Japanese airline ANA to replace 100 Rolls engines on 787s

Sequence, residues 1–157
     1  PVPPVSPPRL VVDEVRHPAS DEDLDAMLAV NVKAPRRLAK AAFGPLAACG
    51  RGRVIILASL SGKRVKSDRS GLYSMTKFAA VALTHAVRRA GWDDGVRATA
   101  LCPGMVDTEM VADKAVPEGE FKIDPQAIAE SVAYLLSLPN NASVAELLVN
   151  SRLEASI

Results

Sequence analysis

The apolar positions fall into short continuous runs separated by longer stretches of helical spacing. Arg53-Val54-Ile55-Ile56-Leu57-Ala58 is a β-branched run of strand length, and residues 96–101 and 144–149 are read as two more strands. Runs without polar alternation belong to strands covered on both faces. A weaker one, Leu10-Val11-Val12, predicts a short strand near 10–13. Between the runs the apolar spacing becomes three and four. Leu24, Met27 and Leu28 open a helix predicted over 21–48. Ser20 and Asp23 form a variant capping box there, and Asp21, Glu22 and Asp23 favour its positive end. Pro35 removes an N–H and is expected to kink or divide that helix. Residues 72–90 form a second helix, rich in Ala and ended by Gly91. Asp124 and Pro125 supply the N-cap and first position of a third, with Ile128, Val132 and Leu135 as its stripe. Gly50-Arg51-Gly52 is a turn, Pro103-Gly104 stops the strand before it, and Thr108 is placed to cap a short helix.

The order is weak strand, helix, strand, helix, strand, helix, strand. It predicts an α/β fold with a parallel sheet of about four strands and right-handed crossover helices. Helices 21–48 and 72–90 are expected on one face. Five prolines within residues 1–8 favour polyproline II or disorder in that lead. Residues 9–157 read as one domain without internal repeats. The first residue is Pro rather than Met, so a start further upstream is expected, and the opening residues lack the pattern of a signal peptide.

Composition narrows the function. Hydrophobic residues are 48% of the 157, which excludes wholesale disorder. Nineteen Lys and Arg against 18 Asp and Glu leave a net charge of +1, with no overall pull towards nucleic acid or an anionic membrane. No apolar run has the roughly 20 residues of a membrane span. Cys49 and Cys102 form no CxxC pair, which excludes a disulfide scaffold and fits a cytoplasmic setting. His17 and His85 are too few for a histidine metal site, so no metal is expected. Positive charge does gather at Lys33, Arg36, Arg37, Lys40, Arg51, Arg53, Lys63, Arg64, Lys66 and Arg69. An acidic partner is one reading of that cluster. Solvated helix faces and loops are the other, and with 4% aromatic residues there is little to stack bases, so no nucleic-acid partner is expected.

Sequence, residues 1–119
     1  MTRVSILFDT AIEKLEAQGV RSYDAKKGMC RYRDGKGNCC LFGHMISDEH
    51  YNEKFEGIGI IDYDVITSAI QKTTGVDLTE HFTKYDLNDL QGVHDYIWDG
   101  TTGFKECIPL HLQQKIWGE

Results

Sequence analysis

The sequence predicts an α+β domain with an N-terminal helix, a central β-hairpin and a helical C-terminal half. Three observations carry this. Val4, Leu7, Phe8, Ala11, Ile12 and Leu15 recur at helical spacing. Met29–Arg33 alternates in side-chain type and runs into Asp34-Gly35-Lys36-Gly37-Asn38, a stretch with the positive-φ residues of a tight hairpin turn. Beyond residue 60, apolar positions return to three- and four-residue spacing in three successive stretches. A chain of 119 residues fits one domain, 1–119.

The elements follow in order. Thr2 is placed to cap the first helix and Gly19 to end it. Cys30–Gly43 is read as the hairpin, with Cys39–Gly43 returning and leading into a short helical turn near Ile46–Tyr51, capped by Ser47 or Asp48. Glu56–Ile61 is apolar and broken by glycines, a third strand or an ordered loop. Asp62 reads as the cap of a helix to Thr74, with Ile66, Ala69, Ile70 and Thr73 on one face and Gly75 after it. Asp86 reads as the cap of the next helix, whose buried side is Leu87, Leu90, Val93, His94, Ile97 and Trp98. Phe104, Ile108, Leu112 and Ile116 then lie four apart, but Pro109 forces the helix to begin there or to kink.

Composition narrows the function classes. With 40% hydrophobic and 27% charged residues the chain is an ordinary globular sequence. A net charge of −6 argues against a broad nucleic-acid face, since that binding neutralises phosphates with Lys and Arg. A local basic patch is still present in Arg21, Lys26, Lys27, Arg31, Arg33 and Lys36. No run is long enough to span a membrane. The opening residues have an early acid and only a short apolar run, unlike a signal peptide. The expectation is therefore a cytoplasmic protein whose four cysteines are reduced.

By Alwyn Scott SEATTLE (Reuters) - ANA Holdings Inc <9202.T>, Japan's largest airline, said on Wednesday it will replace all 100 Rolls-Royce engines on its fleet of Boeing 787 Dreamliners following three engine failures this year caused by corrosion and cracking of turbine blades. In response to questions from Reuters, ANA, the world's largest 787 operator, said all 50 of its 787s will receive engines fitted with new blades, a process that could take up to three years. ANA has five engines that currently need repairs, "but we will replace all the 100 engines for enhanced safety measures," the company said, adding that it had already repaired three engines.​ A Rolls-Royce Holdings PLC spokesman said the engine maker would swap out existing blades for new ones on ANA's planes in the short term. Rolls has started production of a new blade design that will be ready by year end, he said. "We are working very closely with ANA," Rolls spokesman Richard Wray said in an email. The new blade will be incorporated next year into engines going onto new 787s, Wray said, adding that other airlines are managing the issue with "ongoing maintenance." Rolls-Royce Chief Executive Officer Warren East said on Tuesday that ANA's problem was a "manageable issue." He added that ANA's "intensive" use of the engines had caused the blades to wear more quickly than usual. ANA said the first engine failure happened on a flight from Kuala Lumpur to Tokyo in February. A second flight in March and a third in August had similar problems. On Wednesday, ANA said four 787s remained grounded and that it had canceled 18 domestic flights due to the engine problem. The airline said it expected no further cancellations through mid-September. Beyond that its schedule had not been finalized. The Rolls-Royce Trent 1000 engine, one of two engines for the Boeing 787 jetliner, costs about $20 million at list price. General Electric Co makes the other 787 engine, known as the GEnx. Boeing's 787, built with lightweight carbon-fiber wings and fuselage, is a technological leap forward and burns 20 percent less fuel than the jets it replaces. But it was three years late coming to market and regulators grounded the fleet in 2013 after its lithium batteries overheated and burned. Boeing has delivered about 445 of the planes, which seat 242 to 290 passengers and cost $225 million to $265 million at list price. (Reporting by Alwyn Scott; Editing by Alan Crosby and Jonathan Oatis)